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Michael Shadlen: Eyes, Angel Dust, Alan Turing, and Decision-Making in the Brain

Michael Shadlen. Credit: John Abbott/Columbia-Zuckerman Institute 

There is something very wrong about their eyes.

Clearly overdosing, the patients enter the hospital’s emergency room confused, paranoid, and often ranting. Hovering over them, psychiatrists, police, and doctors feverishly work to pinpoint the chemical tormenter. It’s a hallucinogen, that’s obvious, but which one? The patients’ eyes tell all. They dart to take in a stimulus, but instead of returning to their former location they drift, slowly, eerily back to center. They cannot control their eyes.

It’s a form of gaze nystagmus, a kind of involuntary twitching of the eye, and it’s a telltale sign of the street drug phencyclidine, also known as PCP or Angel Dust, a powerful dissociative hallucinogen and frequent culprit in this California ER. But for neurologist and AAAS Fellow Michael Shadlen, the patients’ eyes point to something more than PCP. The eyes take him on a path that helps unlock the neurological foundations of decision-making.  

Shadlen remembers his overdosing patients during his hospital residency in San Jose in the early 1990s, “It was like they couldn’t hold onto a thought to connect the immediate past to the immediate future. And I started thinking, ‘You know, what we’re seeing is a really basic function of the brain that involves evidence accumulation.’”

Over the years, Shadlen has been accumulating his own evidence. He is now a leading brain researcher with his own lab at Columbia University. His abiding interest is decision-making. Through studying the brain’s response to external stimuli, Shadlen has essentially reverse-engineered the calculations happening inside the skull when a decision is made. His starting point is the eyes; conscious, controlled eye moment, the very thing his “Angel Dusted” patients were incapable of doing.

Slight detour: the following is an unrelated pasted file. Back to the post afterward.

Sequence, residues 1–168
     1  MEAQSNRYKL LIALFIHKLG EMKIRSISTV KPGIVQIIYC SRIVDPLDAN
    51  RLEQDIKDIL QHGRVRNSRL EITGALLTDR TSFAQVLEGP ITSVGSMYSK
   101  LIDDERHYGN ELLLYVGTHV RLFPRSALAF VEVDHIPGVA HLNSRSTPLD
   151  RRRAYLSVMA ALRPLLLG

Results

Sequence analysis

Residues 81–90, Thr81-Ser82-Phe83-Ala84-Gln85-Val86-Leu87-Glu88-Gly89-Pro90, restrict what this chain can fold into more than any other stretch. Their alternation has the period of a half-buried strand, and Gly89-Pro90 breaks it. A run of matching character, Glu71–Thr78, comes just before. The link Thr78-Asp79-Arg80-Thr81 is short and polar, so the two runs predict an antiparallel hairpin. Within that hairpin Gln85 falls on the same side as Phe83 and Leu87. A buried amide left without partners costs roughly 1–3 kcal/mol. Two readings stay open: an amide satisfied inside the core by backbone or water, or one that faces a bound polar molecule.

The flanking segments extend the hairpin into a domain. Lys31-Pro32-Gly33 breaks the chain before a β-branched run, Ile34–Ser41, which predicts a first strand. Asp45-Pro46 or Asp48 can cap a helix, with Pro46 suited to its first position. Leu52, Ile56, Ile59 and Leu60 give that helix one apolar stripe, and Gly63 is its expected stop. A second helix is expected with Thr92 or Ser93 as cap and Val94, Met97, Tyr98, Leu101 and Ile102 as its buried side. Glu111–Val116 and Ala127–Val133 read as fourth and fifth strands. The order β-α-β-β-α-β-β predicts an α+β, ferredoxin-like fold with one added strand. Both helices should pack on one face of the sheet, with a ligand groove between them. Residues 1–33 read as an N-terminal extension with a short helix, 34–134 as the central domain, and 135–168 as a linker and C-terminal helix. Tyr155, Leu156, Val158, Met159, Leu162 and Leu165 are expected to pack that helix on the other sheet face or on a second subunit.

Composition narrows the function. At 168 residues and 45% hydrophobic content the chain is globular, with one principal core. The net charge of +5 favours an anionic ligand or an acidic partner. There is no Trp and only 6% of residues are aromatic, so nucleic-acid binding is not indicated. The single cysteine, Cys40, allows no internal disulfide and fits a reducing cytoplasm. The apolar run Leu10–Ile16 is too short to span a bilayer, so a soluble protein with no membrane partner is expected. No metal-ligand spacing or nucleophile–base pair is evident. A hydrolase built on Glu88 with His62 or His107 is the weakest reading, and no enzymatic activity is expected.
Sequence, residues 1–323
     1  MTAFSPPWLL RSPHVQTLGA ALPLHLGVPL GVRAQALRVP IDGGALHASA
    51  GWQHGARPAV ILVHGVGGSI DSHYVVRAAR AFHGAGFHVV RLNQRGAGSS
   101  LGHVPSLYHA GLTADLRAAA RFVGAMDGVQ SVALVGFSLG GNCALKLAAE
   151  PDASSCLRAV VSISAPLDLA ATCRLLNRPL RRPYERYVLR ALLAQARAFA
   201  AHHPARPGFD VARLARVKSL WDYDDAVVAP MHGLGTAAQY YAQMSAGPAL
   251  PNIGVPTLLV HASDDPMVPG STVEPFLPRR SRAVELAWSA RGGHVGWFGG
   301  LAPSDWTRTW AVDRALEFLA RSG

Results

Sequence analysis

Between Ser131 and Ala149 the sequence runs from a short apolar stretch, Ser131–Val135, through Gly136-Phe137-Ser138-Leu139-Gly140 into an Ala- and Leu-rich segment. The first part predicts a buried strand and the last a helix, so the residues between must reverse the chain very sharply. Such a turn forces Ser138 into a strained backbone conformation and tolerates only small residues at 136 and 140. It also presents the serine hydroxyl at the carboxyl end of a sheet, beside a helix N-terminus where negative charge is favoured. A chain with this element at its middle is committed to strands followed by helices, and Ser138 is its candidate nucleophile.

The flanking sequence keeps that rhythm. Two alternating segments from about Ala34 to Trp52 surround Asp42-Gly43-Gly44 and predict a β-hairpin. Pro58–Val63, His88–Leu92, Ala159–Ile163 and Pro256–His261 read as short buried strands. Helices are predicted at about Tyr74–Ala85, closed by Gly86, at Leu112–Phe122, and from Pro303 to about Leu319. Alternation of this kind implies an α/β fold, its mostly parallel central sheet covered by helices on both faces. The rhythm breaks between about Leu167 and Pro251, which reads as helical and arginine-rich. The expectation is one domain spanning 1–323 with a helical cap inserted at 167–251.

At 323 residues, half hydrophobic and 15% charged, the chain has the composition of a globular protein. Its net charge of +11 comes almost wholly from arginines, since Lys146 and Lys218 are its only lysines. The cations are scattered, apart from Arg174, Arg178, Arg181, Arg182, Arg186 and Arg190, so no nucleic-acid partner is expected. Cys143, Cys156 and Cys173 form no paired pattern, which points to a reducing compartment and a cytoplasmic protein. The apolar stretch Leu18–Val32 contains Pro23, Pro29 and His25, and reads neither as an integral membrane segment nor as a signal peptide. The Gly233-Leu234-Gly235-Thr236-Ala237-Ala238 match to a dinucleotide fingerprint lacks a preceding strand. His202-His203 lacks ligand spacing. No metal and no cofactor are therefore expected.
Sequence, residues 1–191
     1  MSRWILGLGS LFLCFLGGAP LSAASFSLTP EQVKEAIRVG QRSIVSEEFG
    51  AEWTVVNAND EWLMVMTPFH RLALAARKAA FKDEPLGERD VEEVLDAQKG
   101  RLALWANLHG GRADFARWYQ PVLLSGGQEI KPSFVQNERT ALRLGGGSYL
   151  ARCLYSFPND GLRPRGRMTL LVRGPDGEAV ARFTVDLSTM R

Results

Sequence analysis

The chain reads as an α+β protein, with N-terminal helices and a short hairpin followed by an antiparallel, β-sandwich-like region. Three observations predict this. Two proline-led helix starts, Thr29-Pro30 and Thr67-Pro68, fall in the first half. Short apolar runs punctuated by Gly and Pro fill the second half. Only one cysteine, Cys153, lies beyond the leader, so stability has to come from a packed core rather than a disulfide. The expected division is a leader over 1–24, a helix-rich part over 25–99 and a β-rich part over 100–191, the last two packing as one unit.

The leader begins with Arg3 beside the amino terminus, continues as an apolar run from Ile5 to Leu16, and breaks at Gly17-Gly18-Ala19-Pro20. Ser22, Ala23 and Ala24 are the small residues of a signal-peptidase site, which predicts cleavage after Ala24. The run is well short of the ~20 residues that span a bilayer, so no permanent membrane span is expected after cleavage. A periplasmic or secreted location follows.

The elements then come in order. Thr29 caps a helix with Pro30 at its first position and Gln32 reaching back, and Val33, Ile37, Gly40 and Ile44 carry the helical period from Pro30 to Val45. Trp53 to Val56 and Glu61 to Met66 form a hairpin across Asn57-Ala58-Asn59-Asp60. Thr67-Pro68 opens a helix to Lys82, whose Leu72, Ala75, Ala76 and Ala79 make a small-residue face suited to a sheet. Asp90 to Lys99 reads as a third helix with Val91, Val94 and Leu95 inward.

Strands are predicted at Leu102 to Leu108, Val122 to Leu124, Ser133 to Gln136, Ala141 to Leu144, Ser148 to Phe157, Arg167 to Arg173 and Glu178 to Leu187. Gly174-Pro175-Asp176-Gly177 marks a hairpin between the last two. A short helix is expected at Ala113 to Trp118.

From the hospital corridors, Shadlen’s research traveled a winding path that included monkey brains and the statistics that helped defeat the Nazis.

“I didn’t care about vision per se,”  Shadlen said about his initial decision to study perception. His experience in the emergency room aside, Shadlen said his interest in eye movement was largely practical because examining eye movements is a great way to study decision-making and the brain.

“Eye movements are super fast and super precise, and they feel effortless. They can reduce decision-making to an elaborate sensory-to-motor conversion,” said Shadlen.

During the same period that Shadlen was completing his residency in San Jose he also worked at nearby Stanford University in the lab of pioneering brain researcher William Newsome. By attaching electrodes to the neurons of monkeys, Newsome and his associates were examining the signal-to-noise relationship inside the visual cortex. (The monkeys, incidentally, aren’t hurt by this procedure. There are no pain receptors in the brain.)

Once attached and connected to the lab’s equipment, the neurons made a kind of clicking noise, reminiscent of a Geiger counter. To parse out the clicks’ spacing and amplitude, the researchers developed a series of mathematical models. Shadlen said this effort created the foundation for his future work.

“The computational ideas from that led to thinking about how the brain might be interpreting the data, or evidence you might say, from the visual system in order to reach a decision. Bill [Newsome] and I started that together,” said Shadlen.

To understand how this works, consider a typical Shadlen experiment.

A monkey is placed in front of a screen displaying a series of flashing dots. The dots indicate movement in a particular direction, for instance right or left. The monkey has been trained to indicate a direction. He does this by resisting moving his eyes until he’s confident that he knows the direction of the motion.